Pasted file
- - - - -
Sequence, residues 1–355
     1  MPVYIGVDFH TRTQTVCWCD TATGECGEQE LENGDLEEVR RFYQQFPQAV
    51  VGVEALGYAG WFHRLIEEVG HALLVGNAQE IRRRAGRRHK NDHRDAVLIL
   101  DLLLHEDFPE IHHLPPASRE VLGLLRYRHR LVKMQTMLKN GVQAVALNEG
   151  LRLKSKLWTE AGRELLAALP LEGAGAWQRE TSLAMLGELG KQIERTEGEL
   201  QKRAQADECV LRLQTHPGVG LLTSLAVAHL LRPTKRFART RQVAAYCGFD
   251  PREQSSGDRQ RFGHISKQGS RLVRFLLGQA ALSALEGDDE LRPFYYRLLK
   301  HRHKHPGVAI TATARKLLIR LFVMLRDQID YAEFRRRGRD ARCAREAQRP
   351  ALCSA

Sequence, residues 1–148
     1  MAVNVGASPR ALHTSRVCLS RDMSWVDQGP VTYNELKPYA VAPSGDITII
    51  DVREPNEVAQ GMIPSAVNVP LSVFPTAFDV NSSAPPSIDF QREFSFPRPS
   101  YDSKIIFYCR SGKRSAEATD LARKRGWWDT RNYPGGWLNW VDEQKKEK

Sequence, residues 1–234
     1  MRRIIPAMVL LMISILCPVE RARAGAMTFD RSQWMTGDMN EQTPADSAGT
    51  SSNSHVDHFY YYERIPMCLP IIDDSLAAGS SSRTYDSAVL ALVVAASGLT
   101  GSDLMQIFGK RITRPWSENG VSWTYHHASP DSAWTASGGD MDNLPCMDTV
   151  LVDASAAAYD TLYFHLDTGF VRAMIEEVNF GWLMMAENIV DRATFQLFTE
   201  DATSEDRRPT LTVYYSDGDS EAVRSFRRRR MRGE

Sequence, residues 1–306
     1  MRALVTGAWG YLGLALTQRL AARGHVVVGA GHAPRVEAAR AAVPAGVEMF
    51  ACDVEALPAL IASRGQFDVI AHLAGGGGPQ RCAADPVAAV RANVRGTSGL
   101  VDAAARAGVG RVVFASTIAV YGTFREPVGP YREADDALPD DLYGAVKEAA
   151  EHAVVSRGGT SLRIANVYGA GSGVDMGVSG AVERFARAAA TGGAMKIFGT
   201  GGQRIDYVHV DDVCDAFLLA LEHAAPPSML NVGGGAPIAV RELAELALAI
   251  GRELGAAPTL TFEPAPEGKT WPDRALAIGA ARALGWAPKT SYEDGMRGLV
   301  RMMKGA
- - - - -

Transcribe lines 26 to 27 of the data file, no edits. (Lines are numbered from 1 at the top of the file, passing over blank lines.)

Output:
   251  GRELGAAPTL TFEPAPEGKT WPDRALAIGA ARALGWAPKT SYEDGMRGLV
   301  RMMKGA